Article by Liisa Laakso: “There is growing interest in the state of academic freedom worldwide. A 1997 Unesco document defines it as the right of scholars to teach, discuss, research, publish, express opinions about systems and participate in academic bodies. Academic freedom is a cornerstone of education and knowledge.
Yet there is surprisingly little empirical research on the actual impact of academic freedom. Comparable measurements have also been scarce. It was only in 2020 that a worldwide index of academic freedom was launched by the Varieties of Democracy database, V-Dem, in collaboration with the Scholars at Risk Network….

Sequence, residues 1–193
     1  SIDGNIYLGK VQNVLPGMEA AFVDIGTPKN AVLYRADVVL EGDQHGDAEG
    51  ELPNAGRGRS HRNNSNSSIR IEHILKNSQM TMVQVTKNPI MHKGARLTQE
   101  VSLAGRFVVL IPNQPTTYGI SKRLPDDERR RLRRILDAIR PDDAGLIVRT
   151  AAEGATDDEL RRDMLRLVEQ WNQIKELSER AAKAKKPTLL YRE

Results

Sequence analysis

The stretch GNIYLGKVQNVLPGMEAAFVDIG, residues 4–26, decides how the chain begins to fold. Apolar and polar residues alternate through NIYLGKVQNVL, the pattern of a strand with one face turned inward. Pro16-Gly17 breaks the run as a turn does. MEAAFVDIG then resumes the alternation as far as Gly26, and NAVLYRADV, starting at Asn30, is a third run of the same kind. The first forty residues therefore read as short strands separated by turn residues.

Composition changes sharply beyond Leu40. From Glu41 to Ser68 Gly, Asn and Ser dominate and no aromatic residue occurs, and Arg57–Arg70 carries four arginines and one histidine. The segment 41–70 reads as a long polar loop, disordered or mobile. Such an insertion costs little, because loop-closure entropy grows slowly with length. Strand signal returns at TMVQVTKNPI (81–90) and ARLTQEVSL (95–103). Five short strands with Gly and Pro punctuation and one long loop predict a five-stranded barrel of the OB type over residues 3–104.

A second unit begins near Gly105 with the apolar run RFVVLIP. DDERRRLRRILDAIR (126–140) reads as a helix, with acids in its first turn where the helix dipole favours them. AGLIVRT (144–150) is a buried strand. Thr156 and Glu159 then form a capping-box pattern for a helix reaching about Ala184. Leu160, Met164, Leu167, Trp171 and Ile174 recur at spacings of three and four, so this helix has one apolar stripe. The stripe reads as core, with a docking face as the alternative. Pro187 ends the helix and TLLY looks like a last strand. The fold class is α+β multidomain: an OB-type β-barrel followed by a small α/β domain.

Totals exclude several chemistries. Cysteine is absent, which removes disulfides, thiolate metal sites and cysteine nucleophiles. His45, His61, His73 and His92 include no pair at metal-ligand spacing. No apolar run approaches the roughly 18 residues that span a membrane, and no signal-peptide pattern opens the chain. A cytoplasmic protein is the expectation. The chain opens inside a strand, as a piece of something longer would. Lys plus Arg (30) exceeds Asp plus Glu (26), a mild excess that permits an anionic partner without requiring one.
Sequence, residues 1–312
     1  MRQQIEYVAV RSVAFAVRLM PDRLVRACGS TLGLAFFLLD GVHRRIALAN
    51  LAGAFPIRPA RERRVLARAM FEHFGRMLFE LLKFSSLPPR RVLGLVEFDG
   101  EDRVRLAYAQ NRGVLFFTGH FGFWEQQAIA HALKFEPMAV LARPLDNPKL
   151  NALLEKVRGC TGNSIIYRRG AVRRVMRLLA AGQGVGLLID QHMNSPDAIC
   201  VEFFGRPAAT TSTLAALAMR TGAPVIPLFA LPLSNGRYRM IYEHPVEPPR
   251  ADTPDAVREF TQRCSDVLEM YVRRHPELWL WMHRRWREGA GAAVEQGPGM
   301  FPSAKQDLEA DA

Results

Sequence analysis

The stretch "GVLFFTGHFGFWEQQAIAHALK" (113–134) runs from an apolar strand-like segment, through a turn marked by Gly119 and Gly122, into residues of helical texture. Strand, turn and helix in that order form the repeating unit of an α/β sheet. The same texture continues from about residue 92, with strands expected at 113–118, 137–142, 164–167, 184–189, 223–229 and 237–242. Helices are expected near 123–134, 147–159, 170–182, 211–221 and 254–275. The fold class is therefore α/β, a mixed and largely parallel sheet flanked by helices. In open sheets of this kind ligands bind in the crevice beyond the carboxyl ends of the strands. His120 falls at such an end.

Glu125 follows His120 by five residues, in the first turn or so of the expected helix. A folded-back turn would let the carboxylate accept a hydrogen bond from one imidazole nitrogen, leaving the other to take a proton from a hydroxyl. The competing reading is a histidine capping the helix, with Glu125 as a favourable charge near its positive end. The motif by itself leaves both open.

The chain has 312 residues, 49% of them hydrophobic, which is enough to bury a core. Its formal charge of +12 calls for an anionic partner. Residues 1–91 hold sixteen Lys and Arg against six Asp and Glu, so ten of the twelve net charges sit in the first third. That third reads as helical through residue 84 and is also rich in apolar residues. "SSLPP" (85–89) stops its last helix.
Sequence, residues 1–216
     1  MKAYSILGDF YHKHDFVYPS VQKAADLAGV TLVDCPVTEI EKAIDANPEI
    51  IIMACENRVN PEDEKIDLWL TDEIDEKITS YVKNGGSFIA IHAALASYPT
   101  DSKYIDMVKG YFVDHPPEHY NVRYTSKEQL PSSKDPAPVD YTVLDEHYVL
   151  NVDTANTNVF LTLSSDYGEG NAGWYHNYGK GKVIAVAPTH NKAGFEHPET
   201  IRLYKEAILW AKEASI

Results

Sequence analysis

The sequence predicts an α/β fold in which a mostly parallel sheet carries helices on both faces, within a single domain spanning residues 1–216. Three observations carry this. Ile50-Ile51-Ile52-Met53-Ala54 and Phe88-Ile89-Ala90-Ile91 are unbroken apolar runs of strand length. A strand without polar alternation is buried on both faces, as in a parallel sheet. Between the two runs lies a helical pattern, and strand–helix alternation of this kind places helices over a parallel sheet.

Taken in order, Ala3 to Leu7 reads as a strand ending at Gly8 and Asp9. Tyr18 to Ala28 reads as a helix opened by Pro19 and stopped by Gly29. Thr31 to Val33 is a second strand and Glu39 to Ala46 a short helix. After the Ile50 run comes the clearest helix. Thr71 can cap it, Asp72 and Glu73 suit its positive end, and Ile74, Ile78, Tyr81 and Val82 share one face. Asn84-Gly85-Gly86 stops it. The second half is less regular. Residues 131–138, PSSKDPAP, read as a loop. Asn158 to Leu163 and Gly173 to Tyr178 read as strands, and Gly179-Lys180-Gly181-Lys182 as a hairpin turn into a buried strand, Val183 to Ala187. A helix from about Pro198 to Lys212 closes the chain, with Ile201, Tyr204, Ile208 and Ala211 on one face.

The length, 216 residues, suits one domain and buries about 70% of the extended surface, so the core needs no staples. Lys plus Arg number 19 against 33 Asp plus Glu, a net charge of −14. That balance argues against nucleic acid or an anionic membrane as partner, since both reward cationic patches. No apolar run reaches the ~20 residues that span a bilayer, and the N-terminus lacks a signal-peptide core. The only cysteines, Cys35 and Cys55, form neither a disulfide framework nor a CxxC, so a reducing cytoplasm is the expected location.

My research has been on the political science discipline in African universities and its role in political developments on the continent. As part of this project, I have investigated the impact of academic freedom in the post-Cold War democratic transitions in Africa.
A study I published with the Tunisian economist Hajer Kratou showed that academic freedom has a significant positive effect on democracy, when democracy is measured by indicators such as the quality of elections and executive accountability.
However, the time factor is significant. Countries with high levels of academic freedom before and at the time of their democratic transition showed high levels of democracy even 5, 10 and 15 years later. In contrast, the political situation was more likely to deteriorate in countries where academic freedom was restricted at the time of transition. The impact of academic freedom was greatest in low-income countries….(More)”